Thin skin now a compliment

Thin skin now a compliment

 

We all love ’em. Sweet Texas oranges are those little juicy bites of sunshine that we can buy year round at local grocery stores. Lots of our oranges come from Florida and California (thick skins, pretty, not as juicy) and South Texas and Mexico (not as pretty, super sweet, super juicy). With a little care you can grow your own oranges on your own beautiful orange tree right here in Southeast Texas.

According to the Texas Aggie Horticulture website, we can grow oranges here because they love our warm, humid conditions. Our oranges will typically be thin-skinned, yellowish orange fruit with yellowish orange flesh that is super sweet and juicy. Areas with slightly cooler climates like California and Arizona produce fruit that is brightly colored with thick bright orange peel. Oranges can be found growing all over the world in tropical and subtropical areas, but they grow the very best in subtropical areas.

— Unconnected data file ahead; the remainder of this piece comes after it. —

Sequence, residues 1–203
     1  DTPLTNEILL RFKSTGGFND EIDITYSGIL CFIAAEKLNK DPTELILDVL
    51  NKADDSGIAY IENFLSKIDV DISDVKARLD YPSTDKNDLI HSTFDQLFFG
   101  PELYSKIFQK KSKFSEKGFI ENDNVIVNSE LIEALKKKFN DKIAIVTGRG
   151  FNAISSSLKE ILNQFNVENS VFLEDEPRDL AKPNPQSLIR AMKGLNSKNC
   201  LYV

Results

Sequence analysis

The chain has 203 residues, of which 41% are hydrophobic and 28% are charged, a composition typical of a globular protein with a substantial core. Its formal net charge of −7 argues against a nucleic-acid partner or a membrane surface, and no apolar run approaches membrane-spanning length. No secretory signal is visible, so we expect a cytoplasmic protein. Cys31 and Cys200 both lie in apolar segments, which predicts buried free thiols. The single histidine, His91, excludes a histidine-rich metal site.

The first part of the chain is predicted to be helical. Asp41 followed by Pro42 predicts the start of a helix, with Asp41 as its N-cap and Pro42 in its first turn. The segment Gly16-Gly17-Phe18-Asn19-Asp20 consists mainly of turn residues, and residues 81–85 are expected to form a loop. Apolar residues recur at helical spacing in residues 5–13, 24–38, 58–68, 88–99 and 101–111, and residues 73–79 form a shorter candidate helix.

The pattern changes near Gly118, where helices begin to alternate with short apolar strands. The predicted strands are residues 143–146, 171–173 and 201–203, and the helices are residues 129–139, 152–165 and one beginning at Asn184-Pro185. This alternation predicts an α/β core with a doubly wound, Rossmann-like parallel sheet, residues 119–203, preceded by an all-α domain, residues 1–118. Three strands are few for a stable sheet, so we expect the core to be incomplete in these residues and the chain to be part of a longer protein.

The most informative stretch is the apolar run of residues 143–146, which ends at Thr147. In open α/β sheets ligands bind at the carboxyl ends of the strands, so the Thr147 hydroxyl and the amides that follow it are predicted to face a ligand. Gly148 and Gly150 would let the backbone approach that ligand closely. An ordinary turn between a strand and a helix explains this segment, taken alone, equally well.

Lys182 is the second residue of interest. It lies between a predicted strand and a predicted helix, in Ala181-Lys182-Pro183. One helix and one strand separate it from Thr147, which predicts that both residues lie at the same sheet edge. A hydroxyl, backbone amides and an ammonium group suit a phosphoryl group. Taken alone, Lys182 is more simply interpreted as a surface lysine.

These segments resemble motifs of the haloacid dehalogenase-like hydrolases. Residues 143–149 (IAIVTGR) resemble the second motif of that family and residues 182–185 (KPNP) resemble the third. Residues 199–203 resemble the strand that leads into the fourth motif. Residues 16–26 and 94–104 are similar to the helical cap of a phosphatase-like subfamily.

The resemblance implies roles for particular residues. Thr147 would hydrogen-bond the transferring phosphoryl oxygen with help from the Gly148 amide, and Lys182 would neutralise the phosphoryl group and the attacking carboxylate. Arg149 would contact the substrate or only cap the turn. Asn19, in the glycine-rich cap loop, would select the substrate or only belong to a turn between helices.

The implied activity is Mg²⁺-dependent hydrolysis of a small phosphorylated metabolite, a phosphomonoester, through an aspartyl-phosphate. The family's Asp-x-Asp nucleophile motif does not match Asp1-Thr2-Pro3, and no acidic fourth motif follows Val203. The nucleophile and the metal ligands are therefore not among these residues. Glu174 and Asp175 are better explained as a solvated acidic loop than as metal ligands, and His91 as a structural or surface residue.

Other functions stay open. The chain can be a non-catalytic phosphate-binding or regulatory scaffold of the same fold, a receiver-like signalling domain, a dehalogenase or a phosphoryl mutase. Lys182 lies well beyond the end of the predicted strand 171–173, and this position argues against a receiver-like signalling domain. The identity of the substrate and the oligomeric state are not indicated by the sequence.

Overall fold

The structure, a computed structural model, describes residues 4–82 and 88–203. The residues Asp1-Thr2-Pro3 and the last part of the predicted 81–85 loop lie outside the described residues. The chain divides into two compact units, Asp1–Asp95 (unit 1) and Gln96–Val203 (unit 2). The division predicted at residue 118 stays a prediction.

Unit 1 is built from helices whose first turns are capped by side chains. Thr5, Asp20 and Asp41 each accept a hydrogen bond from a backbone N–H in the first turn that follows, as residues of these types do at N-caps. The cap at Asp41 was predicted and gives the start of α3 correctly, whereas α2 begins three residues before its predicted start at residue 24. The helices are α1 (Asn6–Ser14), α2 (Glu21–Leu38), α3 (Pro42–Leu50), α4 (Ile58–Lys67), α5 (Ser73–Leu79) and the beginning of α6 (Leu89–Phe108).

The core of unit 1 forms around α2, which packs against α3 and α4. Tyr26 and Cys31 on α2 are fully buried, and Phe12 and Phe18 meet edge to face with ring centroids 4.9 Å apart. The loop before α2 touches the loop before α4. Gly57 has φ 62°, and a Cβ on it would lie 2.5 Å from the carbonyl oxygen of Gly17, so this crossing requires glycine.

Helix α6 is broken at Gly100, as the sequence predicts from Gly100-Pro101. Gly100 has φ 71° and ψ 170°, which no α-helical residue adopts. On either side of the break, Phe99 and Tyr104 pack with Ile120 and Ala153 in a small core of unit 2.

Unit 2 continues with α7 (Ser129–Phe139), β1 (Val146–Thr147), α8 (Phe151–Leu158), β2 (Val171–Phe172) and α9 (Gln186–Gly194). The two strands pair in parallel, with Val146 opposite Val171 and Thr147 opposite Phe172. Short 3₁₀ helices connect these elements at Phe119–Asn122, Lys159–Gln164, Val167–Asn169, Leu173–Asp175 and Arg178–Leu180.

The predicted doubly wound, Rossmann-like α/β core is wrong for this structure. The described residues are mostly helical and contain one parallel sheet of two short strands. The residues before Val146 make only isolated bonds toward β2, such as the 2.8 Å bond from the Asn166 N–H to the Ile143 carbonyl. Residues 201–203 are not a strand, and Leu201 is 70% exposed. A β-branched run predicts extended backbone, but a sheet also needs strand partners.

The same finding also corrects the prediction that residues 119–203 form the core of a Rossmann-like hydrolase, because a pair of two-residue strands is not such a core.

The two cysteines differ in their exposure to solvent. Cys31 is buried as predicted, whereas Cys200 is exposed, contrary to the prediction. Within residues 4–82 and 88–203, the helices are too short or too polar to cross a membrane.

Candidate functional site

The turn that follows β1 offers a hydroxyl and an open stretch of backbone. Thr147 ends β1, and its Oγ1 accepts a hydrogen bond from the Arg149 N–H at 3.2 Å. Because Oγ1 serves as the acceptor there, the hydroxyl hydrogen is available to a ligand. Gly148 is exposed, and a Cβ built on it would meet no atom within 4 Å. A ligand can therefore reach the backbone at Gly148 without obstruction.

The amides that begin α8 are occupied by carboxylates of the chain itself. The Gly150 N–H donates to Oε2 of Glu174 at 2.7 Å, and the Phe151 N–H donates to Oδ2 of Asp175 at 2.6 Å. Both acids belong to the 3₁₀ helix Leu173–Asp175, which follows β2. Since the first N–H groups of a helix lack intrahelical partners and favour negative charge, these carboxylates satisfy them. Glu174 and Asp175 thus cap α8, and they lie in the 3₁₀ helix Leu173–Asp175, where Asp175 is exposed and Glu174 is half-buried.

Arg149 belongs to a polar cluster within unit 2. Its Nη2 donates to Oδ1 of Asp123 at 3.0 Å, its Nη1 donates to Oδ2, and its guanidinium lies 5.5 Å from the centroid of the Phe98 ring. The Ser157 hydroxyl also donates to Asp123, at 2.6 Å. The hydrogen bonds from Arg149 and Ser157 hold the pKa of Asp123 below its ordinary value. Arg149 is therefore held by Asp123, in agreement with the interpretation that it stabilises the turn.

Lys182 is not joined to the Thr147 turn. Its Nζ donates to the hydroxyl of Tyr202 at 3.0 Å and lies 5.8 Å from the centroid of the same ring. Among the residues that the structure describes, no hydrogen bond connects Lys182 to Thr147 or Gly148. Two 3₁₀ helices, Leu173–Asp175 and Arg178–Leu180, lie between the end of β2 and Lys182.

The Aggies remind us that sweet oranges are native to northeastern India. They are the most widely grown species of citrus. The orange tree was spread quickly by travelers along the trade routes between Asia, Europe and Africa. Christopher Columbus is known to have introduced a planting of oranges in Hispaniola on his second voyage in 1493. You can today walk along the streets of Sevilla, Granada and other cities in Andalucia, Spain and be shaded by the orange trees growing above you. How much more inspiration do you need to have your own orange trees?

Find orange trees for our area and plant them in deep, well-drained soils. They prefer loam and will not thrive in clay soils or boggy locations. Aggie horticulturalists tell us to plant orange trees on the south or southeast side of the house for maximum cold protection. They need to be at least 12 feet from garages or driveways or walkways to allow for their growth. They need full sun. If we get a rare hard freeze, be ready to protect. Mature orange trees can tolerate temperatures in the middle to low 20s without damage. Prolonged temps in the mid-20s will hurt mature fruit on the trees so cover if that happens. Check with our local Texas Aggie Extension Service office for detailed literature on growing oranges and all sorts of citrus. Call me when your crop comes in. 

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